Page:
The settings of the potentiometer are also indicated in the audio files you can find in the documents sections or at the soundcloud link (e.g. T5_C0-10_R0_E0_D0_A1.flac = Tune 5; Cut Off = 0-10-0; Resonance=0 etc.)

Step 5

The result of course is as mentioned earlier subjective. From my point of view the differences in sound are almost not noticeable. The only marginal difference I could spot was that the 2SC1815 creates a smoother filter than the other transistors. This might also explain why Roland used them in some revisions in the filter section only. From other gear built at the same time as the 303 I know that many Japanese manufacturers preferred the 1815 for audio application. The Toshiba data-sheet supports this claim by mentioning the purpose of the transistor to be for audio applications. One might investigate the differences on a more technical level but I believe this is not necessary because I feel confident that it does not matter at all what transistors you use for the NPN ones.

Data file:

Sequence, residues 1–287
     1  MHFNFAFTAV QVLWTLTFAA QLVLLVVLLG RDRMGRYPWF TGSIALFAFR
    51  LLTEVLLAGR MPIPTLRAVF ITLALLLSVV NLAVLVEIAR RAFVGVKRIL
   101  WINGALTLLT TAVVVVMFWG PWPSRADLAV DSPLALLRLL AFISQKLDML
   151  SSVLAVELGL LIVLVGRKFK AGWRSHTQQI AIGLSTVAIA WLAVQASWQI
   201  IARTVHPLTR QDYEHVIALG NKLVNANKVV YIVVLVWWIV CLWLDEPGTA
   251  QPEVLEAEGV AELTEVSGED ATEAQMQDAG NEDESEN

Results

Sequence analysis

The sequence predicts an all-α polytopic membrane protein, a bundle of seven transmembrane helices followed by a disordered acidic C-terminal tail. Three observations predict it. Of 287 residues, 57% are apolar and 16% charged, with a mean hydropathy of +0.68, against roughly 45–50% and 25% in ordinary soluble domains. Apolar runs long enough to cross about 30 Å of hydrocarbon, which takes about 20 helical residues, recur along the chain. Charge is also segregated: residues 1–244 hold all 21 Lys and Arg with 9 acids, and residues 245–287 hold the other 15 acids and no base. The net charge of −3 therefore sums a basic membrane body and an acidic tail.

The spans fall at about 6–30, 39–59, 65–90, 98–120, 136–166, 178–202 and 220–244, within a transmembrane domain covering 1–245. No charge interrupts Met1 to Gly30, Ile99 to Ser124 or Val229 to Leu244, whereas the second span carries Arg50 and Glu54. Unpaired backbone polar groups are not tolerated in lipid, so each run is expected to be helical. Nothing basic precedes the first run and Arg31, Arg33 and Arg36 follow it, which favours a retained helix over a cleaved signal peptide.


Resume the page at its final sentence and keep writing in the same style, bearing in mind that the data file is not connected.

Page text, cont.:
Step 6

This is why I also added the general purpose 3904 transistor to see if this makes a difference. If you listen to it one might think "Wow, yes this is totally different.". Actually what makes it different was that by using this type of transistor it was simply not possible to do the filter calibration using the VCF trimmer because the range was not sufficient. This means that the filter is not opened enough to match the other recordings. I did not alter the circuit to fit the others but I am positive that one might even use these transistors instead of the Japanese types to achieve similar results in sound as with the other transistors.

Documents & Files